Habitual Or Clinical Behavior: By far, most motorists rarely or never drive aggressively. For a minority, there are frequent episodes of aggressive driving, and for a small group, aggressive driving style is the norm. Occasional episodes of aggressive driving might occur in response to specific situations, such as speeding and changing lanes abruptly when late for an important appointment, when it is not the driver's normal behavior. And for some, it can even be an expression of illness or pathology.
Something to remember is that it is not the anger that is experienced by drivers that is of concern, but what they do with that anger.
Recently, the newscasts have aired stories about a different kind of "rage". This situation involves "Air Rage" which is a term that refers to airline passengers exhibiting aggressive and disruptive behaviors. Some say that "Air Rage" is the new Road Rage. In the last two weeks, three flights have had to be diverted due to fights about reclining seats. Other recent expressions of "Air Rage" include a passenger who were arrested for punching a sleeping passenger and another who beat up an airline employee.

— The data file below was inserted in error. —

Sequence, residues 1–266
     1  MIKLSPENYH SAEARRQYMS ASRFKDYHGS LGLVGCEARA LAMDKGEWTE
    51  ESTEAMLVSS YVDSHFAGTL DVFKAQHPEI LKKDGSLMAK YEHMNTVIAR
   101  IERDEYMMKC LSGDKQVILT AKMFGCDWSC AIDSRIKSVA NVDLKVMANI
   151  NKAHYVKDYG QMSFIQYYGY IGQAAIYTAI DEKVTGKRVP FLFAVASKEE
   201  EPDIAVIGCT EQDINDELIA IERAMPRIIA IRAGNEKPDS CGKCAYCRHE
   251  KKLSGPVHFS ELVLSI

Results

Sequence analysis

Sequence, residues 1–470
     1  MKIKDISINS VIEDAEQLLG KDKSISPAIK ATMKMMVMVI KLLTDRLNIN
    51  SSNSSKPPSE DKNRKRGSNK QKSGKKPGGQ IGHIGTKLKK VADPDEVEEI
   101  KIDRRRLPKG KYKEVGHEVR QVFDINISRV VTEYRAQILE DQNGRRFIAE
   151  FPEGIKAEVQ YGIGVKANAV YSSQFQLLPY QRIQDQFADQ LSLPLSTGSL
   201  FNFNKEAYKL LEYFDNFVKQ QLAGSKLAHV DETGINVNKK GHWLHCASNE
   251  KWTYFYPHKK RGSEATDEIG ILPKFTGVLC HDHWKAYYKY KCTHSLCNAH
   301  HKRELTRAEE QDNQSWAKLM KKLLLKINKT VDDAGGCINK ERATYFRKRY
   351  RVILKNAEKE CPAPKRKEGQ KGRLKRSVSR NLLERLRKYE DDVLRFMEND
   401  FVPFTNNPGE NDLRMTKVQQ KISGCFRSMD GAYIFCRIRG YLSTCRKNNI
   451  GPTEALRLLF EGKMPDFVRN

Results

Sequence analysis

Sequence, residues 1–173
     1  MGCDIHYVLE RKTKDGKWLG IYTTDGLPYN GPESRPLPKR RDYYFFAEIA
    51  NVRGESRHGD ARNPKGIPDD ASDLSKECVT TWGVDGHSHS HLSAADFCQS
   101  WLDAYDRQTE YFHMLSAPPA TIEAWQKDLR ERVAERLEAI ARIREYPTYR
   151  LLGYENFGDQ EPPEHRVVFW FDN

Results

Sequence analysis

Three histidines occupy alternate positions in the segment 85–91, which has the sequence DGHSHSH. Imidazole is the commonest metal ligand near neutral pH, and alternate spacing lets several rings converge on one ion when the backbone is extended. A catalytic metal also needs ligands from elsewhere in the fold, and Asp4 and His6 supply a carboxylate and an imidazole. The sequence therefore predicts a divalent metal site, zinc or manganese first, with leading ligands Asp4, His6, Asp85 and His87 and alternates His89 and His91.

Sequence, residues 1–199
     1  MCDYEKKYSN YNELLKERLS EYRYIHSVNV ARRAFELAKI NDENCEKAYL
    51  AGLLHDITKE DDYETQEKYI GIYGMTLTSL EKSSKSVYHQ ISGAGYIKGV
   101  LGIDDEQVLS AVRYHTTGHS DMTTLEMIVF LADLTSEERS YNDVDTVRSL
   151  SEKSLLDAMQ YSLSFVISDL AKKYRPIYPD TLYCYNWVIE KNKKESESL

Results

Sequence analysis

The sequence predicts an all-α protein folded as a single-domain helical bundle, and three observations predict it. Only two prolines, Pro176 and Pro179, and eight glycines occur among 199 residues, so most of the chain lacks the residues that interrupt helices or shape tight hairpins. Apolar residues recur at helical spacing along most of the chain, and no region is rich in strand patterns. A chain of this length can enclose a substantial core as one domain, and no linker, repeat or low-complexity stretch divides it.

What are the reasons behind the increased incidents of air travel belligerence and even violence? Psychologists have suggestions on causes: (source: Air Rage: Why Does Flying Make People So Crazy? Leah Ginsberg)
1. Air travel security restricts personal freedoms making people feel vulnerable, so they act out. People can be very
sensitive to being controlled and might become afraid or angry.
2. People have "personal space" and airlines offer very little of it, so people are willing to fight for it. American culture has a
norm expectation of about 3 ft of personal space (or an arm's length). Maintaining this boundary on a plane is virtually
impossible. Coach seats are often less than 1.5 feet wide causing passengers to invade each others space. Pushing
boundaries is a good way to upset people and airline practices of putting more seats on planes and flying planes at full
capacity make air travel more uncomfortable and stressful. Recent arguments on planes have involve "the reclining
seat" where the person in front reclines their seat, causing "problems" for the passenger directly behind. A new device,
called Knee Defender will prevent the seat in front of a passenger from engaging in recline. This device was a trigger for
an inflight argument. The passenger in front wants to exercise their "right" to recline the seat they paid for, and the
passenger in back is trying to prevent the reclining seat from invading his "space" that he has paid for.
3. Being overloaded and overwhelmed. Too much to think about stresses us out, which leads to a short fuse. Having too
many responsibilities to deal with at once is one of the top causes of stress. Multitasking is not really that efficient and
creates an overload on individuals. Traveling is a stressful experience with worries about getting there on time, coping
with airport security and invasion of personal space, dealing with luggage, schedule delays, catching connector flights,